Dealing with time can be a bit confusing in Lens. Those who are just using feed-forward networks don't need to be too concerned with this because your examples will typically have a single event that is not extended over time. But if you are using recurrent networks or Boltzmann machines, you will need to understand time intervals, ticks and example events.
Time intervals are meant to represent abstract units of time in the network's environment. You might think of a time interval as a second or a tenth of a second of real time. The network's timeIntervals value is the maximum amount of time that the netwrk will be run on any example. To be safe, it should be just a bit longer than the maximum length of any example the network will see. You should not think of time intervals as discrete steps. They are really just a measure of continuous time.
However, actually simulating the network is done in discrete steps called ticks. The activation values are updated in the network once per tick. Typically there will be from 1 to 20 ticks per time interval. The more ticks per interval, the finer the grain at which the continuous network is simulated. With standard and simple recurrent networks, there can be only one tick per time interval, so they needn't be distinguished. But in fully recurrent networks, it is usual to have more than one tick per time interval. In this case, it is helpful to think of an interval as representing a span of real time and the ticks as the granularity at which this time is simulated. The maximum number of intervals per example and the number of ticks per interval can be specified when a network is constructed with addNet or later on with the setTime command.
The dt parameter is used in fully recurrent networks to scale the rate at which unit inputs or outputs can change. It is automatically set to 1 / ticksPerInterval when the network is created or when the ticksPerInterval is changed with the setTime command. However, dt can then be directly changed by the user if a faster or slower time constant is wanted. If you have changed dt and would not like it to be overridden when setTime is called, you can used the -dtfixed flag. Every group also has its own dtScale that is multiplied by the network's dt. Thus, each group can have its own integration rate, but you can still scale the rate of the whole network together. Each unit can also scale its integration rate with its own dtScale parameter. The effective dt for a unit is actually the product of the network's dt, the group's dtScale, and the unit's dtScale. The group and unit dtScales default to 1.0.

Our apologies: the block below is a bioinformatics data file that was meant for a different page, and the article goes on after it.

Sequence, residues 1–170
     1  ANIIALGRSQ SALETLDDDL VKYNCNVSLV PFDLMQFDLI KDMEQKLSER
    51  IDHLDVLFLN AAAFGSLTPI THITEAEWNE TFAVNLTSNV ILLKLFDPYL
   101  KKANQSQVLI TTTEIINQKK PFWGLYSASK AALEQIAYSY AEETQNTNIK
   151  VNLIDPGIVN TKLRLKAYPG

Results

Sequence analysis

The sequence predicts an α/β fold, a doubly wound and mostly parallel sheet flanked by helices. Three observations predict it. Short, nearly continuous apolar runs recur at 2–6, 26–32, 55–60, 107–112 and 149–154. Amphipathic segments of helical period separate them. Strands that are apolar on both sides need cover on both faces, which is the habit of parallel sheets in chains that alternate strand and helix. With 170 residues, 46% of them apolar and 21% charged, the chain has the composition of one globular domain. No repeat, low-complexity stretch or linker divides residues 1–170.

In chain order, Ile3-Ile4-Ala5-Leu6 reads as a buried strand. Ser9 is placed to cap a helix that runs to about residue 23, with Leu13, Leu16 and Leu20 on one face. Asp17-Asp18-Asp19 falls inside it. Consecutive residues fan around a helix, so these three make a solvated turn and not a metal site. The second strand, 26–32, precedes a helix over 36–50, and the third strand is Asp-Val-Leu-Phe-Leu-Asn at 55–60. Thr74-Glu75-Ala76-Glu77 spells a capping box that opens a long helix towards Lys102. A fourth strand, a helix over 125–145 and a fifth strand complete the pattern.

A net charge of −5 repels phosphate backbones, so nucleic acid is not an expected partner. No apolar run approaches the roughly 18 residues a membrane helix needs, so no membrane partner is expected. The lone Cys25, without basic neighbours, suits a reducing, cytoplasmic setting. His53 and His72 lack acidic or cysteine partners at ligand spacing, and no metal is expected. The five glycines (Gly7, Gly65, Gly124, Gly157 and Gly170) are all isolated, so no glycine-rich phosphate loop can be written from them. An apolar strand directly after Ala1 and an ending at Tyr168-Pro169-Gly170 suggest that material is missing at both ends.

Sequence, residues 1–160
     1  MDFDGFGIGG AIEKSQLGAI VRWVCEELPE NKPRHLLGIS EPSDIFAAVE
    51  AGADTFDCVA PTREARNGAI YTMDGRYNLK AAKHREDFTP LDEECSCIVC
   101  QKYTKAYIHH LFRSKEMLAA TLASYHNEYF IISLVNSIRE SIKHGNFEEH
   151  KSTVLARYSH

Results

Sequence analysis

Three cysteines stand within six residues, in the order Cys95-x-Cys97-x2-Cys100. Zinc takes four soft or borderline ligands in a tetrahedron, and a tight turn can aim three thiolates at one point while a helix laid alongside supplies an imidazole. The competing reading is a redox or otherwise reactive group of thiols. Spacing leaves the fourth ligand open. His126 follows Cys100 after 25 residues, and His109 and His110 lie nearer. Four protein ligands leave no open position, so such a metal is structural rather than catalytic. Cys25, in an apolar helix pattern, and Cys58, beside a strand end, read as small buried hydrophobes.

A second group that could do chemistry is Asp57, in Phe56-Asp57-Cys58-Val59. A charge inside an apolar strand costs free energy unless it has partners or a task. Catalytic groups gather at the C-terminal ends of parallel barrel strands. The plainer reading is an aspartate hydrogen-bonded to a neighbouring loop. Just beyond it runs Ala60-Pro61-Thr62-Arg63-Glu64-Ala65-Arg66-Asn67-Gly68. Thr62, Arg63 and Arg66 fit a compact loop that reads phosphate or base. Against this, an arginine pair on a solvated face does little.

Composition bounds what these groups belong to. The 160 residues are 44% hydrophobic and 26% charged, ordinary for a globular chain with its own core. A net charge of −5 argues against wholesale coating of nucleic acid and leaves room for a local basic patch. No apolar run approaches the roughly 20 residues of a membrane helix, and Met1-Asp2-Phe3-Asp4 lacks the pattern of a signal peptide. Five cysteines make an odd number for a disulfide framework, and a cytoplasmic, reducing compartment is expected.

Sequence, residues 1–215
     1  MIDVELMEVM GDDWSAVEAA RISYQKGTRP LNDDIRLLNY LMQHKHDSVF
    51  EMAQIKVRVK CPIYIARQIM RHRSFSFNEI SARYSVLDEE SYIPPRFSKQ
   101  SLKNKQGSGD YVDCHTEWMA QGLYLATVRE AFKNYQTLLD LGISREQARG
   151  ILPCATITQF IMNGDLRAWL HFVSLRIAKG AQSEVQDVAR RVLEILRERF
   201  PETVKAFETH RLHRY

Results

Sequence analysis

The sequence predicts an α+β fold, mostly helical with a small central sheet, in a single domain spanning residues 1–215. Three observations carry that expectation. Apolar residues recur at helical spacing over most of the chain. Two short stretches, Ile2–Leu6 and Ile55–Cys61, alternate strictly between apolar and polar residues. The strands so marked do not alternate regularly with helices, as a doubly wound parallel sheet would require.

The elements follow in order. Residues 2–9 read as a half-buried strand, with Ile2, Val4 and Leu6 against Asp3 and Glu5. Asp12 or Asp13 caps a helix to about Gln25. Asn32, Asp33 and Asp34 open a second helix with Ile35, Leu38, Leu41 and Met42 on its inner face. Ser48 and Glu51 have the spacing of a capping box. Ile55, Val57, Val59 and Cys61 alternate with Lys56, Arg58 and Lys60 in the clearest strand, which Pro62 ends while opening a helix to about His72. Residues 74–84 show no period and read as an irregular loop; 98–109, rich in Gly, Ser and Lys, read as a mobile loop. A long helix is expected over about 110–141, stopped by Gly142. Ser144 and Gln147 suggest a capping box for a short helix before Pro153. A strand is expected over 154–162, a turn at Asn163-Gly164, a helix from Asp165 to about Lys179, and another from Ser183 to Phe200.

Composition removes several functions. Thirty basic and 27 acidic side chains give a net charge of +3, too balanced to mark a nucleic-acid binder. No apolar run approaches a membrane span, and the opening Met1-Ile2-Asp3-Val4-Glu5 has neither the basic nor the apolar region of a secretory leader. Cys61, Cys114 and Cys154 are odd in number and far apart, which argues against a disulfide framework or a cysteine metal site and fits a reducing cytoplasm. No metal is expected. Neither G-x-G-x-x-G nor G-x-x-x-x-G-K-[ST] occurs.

Training examples are composed of events. Each event specifies a pattern of inputs and targets. Most examples will just consist of a single event, but multiple events can be used to create examples with inputs and/or targets that change over time. Each event lasts a certain amount of time, expressed as a number of time intervals, which need not be an integer. Parts of time intervals will be rounded down to the closest tick. The event has a minTime, a maxTime, and a graceTime associated with it. These are real values specified in time intervals (or fractions thereof), but for a network with one tick per time interval, they may as well be thought of as integers specified in ticks. The event will always last minTime ticks and will never last more than maxTime.
When running fully recurrent networks, it is common to turn on an event's inputs for some time before the targets appear. This can be accomplished in a single event by using graceTime. This specifies the delay between turning on the inputs and turning on the targets. Before this point, targets will be NaN and the network will receive no error derivatives. If the minTime, maxTime, or graceTime is set to NaN, the example set's default minTime, maxTime, or graceTime, field will be used for the event.
Several conditions can cause an event to end. An event will not last longer than its maxTime. If an event has lasted at least as long as its minTime, the event will end if the groupCriterionReached is true for all groups that have one. The standard criterion function is true during training if all output units are within the trainGroupCrit of their targets (or within the testGroupCrit during testing). If the group's trainGroupCrit is NaN, the network's value will be used. Note that the event's graceTime should generally be shorter than the minTime. Otherwise, the event could end before the targets even appear.
Sometimes you only want the next event to be presented if the network has reached criterion on the current event. This can be accomplished with the groupCritRequired flag. If this is set to true (1), the example will end as soon as the network fails to reach criterion by the end of an event.
An example will be run for enough ticks to process each event or until the tick given by the network's maxTicks, whichever comes first. The maxTicks is just the product of the network's timeIntervals and its ticksPerInterval. The historyLength field determines the size of the units' history arrays, which are used in continuous backpropagation and for drawing the Unit Viewer. By default, this is the same as the maxTicks. However, if you do not want to waste the space consumed by these arrays, you can reduce the history length using the setTime command.